Contributing Writer; Toronto, Canada (@triflic)
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There is a scene in Harry Brown when the titular pensioner and war veteran has had enough of all the hoodie-hoodlums terrorizing his run-down neighborhood that he goes to buy some fire-arms and fight back himself. The 'arms merchants' - drug-dealers themselves - who are selling him a gun are so horrific, so effective at generating tension and just plain getting under-your-skin that the film starts to head into full blown horror film territory:  Pornography, mutilation and quite close to a snuff film within the film (actually, there are, in essence, cellphone made snuff films in not one, but two different scenes within the film), yet somehow the film manages to stay grounded by its own weird logic. When soaking in the angry B-film violence of the film, one cannot help but think back on the vigilante revenge drama, from Death Wish to The Brave One (and of course the similar and recent old-timer entry, Gran Torino). There is the meticulously handled establishment of background and motivation for the main characters eventual rampage, the run-ins and suspicious hunches with the detectives, and the eventual shit-storm caused when it all goes to hell in a hand-basket. But as a solid bit of cinema, Harry Brown has two big trump cards to bust itself out of the cluttered subgenre:  The iconic Michael Caine giving a knock-out performance, and an overall dizzying sense of style - This may be the most craft-level handsome revenge movie ever made.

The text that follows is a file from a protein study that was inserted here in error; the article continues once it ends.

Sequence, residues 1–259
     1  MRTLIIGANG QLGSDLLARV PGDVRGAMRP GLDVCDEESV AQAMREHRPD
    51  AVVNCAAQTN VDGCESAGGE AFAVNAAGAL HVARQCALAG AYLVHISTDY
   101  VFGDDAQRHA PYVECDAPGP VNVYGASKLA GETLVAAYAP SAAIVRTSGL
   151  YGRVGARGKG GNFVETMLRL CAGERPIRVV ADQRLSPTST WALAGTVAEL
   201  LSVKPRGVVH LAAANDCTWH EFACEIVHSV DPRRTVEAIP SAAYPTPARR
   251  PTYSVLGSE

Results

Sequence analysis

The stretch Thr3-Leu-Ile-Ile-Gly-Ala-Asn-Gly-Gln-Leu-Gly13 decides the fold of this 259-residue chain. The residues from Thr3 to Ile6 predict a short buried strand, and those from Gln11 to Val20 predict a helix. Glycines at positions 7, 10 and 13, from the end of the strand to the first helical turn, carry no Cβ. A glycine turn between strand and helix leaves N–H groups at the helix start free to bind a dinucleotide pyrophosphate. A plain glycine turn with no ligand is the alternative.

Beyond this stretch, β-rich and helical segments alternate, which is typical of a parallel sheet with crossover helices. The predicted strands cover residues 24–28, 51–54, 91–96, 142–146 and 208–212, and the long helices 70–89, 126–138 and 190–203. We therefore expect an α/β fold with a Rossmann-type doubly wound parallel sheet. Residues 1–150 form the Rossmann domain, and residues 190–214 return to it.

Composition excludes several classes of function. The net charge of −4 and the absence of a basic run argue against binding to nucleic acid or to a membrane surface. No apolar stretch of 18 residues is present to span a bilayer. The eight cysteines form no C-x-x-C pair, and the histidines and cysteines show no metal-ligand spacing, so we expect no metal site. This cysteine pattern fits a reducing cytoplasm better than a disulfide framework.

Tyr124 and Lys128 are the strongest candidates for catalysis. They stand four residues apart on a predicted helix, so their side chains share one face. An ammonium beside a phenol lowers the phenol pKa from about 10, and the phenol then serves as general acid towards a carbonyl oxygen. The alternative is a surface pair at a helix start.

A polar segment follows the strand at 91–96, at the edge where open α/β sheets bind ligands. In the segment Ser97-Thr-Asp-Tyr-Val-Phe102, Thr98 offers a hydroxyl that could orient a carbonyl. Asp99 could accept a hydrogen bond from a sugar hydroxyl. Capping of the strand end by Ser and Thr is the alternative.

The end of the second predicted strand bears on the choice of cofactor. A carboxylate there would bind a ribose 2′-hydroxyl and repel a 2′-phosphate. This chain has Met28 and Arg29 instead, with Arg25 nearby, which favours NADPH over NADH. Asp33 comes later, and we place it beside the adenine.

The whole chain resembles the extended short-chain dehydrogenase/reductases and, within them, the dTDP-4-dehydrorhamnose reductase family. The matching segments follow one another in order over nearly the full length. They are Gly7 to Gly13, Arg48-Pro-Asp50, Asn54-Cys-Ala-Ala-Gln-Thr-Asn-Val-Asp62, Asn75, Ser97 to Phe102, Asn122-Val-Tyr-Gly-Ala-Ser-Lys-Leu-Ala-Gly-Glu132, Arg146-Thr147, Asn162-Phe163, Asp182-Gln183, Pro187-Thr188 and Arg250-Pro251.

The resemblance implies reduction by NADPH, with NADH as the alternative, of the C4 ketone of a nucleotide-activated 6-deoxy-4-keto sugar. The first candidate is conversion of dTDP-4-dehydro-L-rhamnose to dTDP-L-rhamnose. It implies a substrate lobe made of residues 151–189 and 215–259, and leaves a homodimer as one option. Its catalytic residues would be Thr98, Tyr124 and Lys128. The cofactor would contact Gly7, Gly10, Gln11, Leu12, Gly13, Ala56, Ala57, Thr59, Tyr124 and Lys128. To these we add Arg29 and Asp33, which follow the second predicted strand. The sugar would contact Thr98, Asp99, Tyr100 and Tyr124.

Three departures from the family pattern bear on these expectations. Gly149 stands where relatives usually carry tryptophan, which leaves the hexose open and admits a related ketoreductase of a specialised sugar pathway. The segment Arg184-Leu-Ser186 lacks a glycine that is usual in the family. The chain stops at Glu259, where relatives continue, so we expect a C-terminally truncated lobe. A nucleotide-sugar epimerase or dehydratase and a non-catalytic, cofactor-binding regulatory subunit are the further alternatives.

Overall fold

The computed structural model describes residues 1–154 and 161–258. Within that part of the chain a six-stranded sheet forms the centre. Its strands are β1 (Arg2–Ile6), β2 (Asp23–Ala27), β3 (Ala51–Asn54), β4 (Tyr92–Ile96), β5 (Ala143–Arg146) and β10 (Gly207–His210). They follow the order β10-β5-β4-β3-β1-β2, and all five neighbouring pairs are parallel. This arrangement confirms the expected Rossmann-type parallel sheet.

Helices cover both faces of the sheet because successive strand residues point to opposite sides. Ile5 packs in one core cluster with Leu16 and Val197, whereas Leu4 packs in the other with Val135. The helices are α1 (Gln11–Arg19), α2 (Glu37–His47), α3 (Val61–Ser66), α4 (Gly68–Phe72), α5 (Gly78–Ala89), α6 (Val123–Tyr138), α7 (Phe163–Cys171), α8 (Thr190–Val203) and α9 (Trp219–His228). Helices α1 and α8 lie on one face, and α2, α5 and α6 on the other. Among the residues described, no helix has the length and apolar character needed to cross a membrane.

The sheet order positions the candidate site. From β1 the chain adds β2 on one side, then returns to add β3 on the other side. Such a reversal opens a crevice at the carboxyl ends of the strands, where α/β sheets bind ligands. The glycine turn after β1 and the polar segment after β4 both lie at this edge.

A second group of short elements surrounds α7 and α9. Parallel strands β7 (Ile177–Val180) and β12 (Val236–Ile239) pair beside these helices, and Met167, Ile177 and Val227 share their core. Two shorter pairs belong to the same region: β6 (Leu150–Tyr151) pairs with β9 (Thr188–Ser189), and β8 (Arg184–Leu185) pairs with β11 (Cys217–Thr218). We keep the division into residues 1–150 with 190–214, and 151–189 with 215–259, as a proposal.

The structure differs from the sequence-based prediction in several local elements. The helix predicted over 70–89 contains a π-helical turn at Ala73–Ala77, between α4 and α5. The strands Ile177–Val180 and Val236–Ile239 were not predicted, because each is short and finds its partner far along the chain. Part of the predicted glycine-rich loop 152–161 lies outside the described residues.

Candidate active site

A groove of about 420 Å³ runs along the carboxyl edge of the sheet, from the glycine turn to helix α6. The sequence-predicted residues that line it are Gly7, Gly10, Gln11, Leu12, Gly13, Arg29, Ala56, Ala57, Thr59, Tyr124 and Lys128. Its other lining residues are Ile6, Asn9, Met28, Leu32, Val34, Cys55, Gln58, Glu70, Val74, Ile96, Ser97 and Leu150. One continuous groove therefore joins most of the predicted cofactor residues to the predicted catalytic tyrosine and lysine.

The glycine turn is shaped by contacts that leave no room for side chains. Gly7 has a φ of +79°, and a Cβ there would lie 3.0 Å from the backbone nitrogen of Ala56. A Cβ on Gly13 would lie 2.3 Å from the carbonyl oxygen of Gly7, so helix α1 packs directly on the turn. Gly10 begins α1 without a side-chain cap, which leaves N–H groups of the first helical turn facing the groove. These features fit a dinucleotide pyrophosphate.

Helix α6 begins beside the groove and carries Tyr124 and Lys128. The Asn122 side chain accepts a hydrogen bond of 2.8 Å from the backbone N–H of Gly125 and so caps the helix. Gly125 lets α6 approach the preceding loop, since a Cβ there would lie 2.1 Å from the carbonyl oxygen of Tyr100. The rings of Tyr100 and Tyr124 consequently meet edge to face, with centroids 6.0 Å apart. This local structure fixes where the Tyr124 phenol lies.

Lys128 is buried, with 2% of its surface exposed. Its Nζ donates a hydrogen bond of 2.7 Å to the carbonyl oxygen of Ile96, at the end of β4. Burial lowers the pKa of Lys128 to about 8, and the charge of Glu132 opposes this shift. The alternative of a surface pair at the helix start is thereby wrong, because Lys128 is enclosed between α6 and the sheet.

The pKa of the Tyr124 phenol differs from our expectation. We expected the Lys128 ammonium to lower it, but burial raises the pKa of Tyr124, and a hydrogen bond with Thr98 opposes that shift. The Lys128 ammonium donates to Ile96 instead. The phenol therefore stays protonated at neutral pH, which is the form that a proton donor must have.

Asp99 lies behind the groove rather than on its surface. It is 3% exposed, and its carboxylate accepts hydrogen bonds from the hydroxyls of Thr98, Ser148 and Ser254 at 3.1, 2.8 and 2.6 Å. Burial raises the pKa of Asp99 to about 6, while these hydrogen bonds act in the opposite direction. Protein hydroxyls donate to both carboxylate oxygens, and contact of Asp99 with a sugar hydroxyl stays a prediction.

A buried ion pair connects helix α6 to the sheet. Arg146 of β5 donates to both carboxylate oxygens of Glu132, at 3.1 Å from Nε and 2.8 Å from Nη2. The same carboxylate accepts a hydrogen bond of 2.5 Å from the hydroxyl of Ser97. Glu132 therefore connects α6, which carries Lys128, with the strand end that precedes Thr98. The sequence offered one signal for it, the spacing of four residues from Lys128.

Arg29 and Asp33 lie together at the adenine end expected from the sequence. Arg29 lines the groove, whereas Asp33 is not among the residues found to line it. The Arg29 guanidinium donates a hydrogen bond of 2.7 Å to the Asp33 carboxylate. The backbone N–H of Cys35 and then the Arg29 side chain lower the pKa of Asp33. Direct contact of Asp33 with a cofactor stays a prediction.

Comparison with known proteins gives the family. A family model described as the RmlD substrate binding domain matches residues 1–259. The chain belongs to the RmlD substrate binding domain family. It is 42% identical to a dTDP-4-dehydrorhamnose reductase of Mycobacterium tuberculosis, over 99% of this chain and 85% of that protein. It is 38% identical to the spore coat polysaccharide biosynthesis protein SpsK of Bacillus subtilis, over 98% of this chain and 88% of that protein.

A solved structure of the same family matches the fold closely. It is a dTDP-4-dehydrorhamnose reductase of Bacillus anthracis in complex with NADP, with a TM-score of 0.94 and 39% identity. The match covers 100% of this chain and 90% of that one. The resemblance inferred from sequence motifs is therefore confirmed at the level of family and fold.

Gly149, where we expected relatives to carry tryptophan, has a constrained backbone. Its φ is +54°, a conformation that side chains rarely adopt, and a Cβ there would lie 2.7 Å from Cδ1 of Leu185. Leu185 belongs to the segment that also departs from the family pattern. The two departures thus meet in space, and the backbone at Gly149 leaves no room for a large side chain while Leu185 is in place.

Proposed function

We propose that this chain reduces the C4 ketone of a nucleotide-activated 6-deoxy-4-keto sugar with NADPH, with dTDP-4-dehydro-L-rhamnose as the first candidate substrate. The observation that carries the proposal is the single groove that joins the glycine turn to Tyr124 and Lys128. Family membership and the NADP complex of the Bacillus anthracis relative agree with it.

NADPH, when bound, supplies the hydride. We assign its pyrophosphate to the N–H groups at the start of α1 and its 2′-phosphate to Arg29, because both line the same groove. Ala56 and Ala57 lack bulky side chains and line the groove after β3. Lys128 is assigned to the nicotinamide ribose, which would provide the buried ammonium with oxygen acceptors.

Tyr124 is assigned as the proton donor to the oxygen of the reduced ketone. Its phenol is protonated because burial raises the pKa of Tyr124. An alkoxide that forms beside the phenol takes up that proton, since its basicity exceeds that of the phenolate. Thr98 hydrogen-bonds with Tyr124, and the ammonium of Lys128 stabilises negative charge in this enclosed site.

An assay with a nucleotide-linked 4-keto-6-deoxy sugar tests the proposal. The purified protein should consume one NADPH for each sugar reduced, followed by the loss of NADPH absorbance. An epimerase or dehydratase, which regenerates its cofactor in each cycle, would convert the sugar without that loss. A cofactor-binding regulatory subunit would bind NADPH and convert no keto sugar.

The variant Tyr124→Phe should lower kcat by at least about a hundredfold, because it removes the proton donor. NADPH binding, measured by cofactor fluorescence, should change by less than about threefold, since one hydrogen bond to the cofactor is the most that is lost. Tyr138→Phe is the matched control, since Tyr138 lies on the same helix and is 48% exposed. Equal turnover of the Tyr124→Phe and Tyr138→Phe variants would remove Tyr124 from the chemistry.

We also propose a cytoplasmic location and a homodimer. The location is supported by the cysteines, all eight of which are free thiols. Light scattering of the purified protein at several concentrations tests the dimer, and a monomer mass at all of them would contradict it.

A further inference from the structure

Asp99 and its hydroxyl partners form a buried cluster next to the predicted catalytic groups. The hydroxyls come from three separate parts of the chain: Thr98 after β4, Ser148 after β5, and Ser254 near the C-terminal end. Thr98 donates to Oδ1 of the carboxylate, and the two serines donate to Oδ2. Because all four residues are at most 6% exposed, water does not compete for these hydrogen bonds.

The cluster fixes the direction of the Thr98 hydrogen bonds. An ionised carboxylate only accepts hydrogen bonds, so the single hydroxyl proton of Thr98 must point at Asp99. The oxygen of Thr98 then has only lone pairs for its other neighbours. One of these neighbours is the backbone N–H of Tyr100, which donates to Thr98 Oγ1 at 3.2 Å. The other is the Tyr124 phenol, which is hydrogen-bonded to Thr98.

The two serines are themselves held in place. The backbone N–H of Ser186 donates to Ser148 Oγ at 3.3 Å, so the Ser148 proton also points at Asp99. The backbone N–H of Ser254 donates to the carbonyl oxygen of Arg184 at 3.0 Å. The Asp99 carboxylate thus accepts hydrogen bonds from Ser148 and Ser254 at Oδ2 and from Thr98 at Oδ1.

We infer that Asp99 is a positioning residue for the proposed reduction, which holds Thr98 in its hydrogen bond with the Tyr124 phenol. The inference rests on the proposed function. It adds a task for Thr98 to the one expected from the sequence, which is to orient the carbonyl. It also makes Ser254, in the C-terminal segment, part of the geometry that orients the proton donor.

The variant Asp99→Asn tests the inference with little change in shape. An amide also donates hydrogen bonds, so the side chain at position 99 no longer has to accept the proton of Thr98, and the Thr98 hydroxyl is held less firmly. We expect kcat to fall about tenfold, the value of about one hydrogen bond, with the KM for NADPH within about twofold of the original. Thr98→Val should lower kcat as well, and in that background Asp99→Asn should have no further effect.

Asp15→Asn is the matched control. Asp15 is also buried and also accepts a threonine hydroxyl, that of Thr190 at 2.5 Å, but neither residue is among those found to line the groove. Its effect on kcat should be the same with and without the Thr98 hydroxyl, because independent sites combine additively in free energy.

Let's start with the empathic turn from Michael Caine.  The 77 year old actor imbues the character with a slow-burn hardening of resolve and a near-endless amount of reserve  (and steely nerve) when he gets up some inertia.  While the screenplay isn't going to win any awards on originality or timely deep look at society, it does get the job done for this sort of movie in staying out of the way of its lead performance.  And far from the ugly non-sympathetic (even slightly enigmatic) turn in Mike Hodges wonderful Get Carter, the handsome cad in either Alfie or Dirty Rotten Scoundrels, or the warm voice of reason in Christopher Nolan's movies, Caine here is coming at things from dare I say a completely new angle. You sympathize, rage, and all around understand his eventual actions from his hang-dog face and steely resolve. Here is hoping that you've got 20 years or more left in you Mr. Caine, keep doing what you do!

Far more energy and scrutiny was spent on shot selection and lighting and how each camera angle and filter contributes to Mr. Caine's state of being.  From a hand-held camera-phone opener to the sodium lamp imbued London projects, and a aforementioned set-piece in the underground marijuana grow-op slash weapons shop, this picture is gorgeous (and gritty and sad) to look at. Heck, even plot points are divulged with visual styles (as in cell phone camera foreshadowing.) All this attention to detail, and yet the picture may be too violent and bloody for those who appreciate that sort of thing, and too 'artsy' for those wanting a straightforward revenger like Taken. Sure Steven Soderbergh imbued a stunning style and quite experimental structure with his own stab at the genre, The Limey (another old timer at the forefront, Terrence Stamp) and Belgian Erik Van Looy got all Michael Mann-, Tony Scott-ish with his geezer revenge picture, The Alzheimer Case, but with Harry Brown, the grit and the photography is so subtly geared to the main characters state of being, it is worth seeing for that aspect alone.